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Last edited by jonwvara; 11-05-10 at 06:29 PM. Reason: It's what I do.
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Old 11-05-10, 06:59 PM   #6
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Nice looking bike, I hope it works out for you
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Old 11-05-10, 07:47 PM   #7
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That is a great first project bike. Your 600 crankset is sweet - had one on a Trek 560; my first "real" road bike. I love the way they were shaped and I find them one of the most appealing sq taper cranksets ever. Welcome to the club, start making room now for builds # 2 through 8.
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Old 11-06-10, 12:56 AM   #8
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that's a bloody lovely classic british (yorkshire) frame. :0)
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Old 11-06-10, 07:53 AM   #9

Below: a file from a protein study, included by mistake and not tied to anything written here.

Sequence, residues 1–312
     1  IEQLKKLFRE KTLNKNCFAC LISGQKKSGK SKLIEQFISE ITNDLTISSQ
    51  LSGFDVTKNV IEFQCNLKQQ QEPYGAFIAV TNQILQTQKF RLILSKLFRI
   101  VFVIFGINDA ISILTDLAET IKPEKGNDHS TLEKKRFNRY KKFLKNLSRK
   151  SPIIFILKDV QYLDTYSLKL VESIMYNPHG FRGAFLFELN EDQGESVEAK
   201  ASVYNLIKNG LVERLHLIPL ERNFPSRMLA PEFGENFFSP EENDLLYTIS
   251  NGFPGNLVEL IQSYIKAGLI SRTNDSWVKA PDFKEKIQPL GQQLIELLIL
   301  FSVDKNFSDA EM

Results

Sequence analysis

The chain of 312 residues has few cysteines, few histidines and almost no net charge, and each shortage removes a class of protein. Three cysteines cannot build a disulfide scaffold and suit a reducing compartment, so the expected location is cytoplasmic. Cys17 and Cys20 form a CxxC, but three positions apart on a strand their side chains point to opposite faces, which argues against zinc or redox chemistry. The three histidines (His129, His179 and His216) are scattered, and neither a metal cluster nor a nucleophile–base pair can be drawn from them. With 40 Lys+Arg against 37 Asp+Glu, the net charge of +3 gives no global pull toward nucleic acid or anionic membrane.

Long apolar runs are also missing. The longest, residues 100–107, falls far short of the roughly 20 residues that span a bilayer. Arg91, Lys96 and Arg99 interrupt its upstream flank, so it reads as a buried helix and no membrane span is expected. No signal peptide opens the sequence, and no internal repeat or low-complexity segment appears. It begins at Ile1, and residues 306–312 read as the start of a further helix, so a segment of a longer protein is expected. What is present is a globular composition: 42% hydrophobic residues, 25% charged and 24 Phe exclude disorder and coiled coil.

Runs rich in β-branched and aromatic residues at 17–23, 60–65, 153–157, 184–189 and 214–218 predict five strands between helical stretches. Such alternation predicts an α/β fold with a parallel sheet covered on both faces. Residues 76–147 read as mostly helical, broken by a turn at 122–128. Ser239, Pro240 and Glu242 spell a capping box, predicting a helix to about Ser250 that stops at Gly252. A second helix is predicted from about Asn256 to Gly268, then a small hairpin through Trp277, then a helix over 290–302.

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Thanks for all the positive comments. I'll be sure to take care to get some nice brakes on it and take some good pictures once I get it all cleaned up and put together. I might even have a lead on some Shimano 600 brake calipers.
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Old 11-06-10, 09:42 AM   #10
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She's a stunner and, for its age, in amazing condition. Enjoy her and baby her (I'd lock her up outside as little as humanly possible).
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Old 11-06-10, 09:46 AM   #11
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Nice, I am glad you got the frame. Strange that it has fender braze-ons on the rear but not on the fork

Black Campagnolo Centaur brakes are very nice and very reasonably priced, about $50 a set fro Probikekit.com
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Old 11-06-10, 10:13 AM   #12